Dual Credit United States Government SS*** 12 1 Year SS - .50 per semester
Same description as United States Governmnet with the opportunity to earn 3 credits during the second semester of the course.
AP United States Government/AP Comparative Politics SS0300 12 1 Year SS - .50 per semester
Advanced Placement United States Government and Politics leads students in analysis of the structure and politics of U.S. governance. The class surveys historical origins of the American political system, its structure, and the institutions which link people to government. The course explores the process of policymaking and analyzes policies in several specific areas. It explores the motivations for and consequences of political behavior. Underpinnings of United States government constitute ten to twenty percent of the content of the course. Institutions of national government—the congress, the presidency, the bureaucracy, and the federal courts—make up thirty-five to forty percent of the content of the course. Public policy is the focus of five to fifteen percent of the content of the course.
AP Seminar 11 1 Year
Prerequisite: AP World History or Honors English or Teacher Permission
This course will equip you with the skills to analyze and evaluate information with accuracy and precision in order to craft and communicate evidence-based arguments. You will have the opportunity to explore real-world issues from multiple perspectives and consider varied points of view to develop deep understanding of complex issues and topics in order to make connections between these issues and your everyday life. Gain a rich appreciation and understanding of issues by reading articles, listening to speeches or broadcasts, and experiencing artistic and literary works.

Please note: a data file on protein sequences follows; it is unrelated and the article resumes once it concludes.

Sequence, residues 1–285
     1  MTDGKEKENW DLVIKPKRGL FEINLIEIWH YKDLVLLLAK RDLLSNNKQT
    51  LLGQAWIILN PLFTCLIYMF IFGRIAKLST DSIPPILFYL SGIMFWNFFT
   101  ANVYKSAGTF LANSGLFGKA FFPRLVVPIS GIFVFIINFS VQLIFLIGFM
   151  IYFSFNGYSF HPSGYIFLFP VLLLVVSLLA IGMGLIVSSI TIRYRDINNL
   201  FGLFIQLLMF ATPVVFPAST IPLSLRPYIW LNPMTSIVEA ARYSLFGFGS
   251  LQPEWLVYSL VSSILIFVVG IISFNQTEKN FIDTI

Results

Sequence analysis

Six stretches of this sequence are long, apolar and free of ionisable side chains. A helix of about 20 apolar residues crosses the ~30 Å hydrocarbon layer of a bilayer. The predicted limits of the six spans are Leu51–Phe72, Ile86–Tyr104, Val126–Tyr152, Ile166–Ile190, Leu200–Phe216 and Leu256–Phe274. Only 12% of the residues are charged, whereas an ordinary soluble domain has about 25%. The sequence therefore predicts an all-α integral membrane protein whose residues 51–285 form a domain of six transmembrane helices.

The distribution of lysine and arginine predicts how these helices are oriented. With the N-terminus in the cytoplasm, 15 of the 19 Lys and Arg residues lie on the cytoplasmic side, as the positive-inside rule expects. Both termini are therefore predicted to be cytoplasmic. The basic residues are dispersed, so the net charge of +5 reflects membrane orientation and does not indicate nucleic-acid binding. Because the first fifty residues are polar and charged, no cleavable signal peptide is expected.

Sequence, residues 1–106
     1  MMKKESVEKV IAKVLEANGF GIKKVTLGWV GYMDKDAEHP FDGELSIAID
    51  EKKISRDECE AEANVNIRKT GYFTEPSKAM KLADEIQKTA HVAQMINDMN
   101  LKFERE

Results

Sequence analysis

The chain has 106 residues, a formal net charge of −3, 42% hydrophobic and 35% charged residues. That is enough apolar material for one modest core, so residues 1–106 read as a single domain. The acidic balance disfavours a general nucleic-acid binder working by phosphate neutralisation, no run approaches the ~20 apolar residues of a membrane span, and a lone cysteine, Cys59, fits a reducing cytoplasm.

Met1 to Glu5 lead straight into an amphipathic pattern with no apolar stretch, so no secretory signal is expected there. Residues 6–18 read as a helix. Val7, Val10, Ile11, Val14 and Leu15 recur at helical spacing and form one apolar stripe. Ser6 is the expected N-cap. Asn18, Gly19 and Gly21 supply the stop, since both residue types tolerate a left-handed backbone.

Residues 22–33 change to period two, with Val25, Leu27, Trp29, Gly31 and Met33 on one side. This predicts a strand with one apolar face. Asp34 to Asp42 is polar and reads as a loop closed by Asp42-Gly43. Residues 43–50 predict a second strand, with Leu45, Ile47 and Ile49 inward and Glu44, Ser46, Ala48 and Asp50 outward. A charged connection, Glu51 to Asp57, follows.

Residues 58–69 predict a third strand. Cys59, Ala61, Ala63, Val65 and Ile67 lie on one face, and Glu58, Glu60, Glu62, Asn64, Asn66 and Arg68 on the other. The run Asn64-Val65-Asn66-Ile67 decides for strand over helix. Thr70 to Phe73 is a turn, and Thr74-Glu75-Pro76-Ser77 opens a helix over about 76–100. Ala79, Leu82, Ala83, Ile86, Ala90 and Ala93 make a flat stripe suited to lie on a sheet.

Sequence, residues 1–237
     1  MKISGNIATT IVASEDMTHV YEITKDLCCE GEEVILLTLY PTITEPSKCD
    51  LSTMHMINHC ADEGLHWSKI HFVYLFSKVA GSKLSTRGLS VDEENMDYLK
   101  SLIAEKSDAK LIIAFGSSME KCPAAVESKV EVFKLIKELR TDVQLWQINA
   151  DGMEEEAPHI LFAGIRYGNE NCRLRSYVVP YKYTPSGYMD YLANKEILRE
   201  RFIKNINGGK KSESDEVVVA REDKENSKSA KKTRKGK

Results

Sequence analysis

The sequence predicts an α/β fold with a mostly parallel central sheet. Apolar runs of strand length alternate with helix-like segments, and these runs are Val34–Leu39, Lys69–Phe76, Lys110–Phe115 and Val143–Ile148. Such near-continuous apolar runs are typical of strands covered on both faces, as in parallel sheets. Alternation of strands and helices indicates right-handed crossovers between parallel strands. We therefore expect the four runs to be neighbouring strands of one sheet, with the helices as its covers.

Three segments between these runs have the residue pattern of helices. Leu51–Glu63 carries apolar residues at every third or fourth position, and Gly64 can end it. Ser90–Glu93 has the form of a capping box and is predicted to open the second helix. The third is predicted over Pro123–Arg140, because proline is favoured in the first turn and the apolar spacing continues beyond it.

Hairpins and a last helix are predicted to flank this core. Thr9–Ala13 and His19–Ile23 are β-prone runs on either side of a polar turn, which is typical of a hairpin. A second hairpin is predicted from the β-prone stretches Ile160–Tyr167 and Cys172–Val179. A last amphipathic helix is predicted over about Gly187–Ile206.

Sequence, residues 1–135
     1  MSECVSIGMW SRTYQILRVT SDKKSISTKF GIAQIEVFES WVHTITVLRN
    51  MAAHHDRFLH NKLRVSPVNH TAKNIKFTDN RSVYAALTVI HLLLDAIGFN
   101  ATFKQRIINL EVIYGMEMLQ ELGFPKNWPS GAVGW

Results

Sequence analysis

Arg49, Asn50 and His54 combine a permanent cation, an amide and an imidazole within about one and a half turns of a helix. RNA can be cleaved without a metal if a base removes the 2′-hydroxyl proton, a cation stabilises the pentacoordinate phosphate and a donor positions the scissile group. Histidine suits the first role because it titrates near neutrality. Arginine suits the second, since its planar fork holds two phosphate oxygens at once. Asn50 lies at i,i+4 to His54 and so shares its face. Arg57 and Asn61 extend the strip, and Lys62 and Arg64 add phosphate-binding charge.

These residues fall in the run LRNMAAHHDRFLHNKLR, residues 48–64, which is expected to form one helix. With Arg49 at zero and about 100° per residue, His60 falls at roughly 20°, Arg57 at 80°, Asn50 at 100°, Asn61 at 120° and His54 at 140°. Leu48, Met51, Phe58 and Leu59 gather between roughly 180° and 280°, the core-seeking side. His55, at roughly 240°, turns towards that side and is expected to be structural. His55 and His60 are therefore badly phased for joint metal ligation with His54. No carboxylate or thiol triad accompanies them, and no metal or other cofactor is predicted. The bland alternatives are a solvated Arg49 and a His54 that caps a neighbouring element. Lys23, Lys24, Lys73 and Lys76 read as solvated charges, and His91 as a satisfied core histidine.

The primary goals of the AP Seminar course are to help you understand how to study an issue from multiple perspectives, evaluate source information, and then develop and communicate effectively a logical, evidence-based point of view. You will practice and apply these skills through the exploration of the complex topics and by examining a variety of and often divergent or competing perspectives.
Teachers have the flexibility to choose one or more themes that allow for deep exploration based on:
- Concepts or Issues from other AP courses
- Student interests
- Local and/or civic issues
- Global or international topics
The course provides opportunities for you to:
- Thoroughly explore different themes while considering diverse perspectives (e.g., cultural and social, artistic and philosophical, political and historical, environmental, economic, and scientific).
- Analyze a wide variety of source material to gain a rich appreciation and understanding of issues, including: articles; research studies; foundational, literary, and philosophical texts; speeches; broadcasts; personal accounts; artistic works; and performances.
- Work collaboratively with a team to identify, investigate, analyze, and evaluate an academic or real-world problem or issue. Consider options, alternatives, or solutions and develop a multimedia presentation to communicate your conclusion or recommendation.
- Work independently to identify a research question based on provided source material and then research that topic. Analyze, evaluate, and select evidence to develop an argument that you will present and defend. Finally, produce a multimedia presentation delivered to your classmates.